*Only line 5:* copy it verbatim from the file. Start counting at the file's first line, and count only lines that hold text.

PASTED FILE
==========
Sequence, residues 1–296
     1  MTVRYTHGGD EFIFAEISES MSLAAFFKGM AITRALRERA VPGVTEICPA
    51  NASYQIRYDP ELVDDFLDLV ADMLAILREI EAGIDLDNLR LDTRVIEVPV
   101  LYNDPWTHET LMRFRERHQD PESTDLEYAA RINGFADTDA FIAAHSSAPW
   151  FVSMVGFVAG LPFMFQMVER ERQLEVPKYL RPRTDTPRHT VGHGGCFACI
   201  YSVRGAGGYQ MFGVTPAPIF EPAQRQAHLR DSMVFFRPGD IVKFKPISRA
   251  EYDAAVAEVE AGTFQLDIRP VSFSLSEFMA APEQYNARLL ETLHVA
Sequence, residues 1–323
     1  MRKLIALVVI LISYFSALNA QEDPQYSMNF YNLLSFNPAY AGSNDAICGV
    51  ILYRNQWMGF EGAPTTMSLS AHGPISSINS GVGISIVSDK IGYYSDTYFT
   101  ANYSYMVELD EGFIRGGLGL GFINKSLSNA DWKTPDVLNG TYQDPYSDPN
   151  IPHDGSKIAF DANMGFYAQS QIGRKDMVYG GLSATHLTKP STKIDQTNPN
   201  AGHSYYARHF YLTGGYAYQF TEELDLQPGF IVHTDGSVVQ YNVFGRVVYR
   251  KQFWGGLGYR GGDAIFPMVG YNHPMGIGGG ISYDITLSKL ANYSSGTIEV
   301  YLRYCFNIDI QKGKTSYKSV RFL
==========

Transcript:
   151  FVSMVGFVAG LPFMFQMVER ERQLEVPKYL RPRTDTPRHT VGHGGCFACI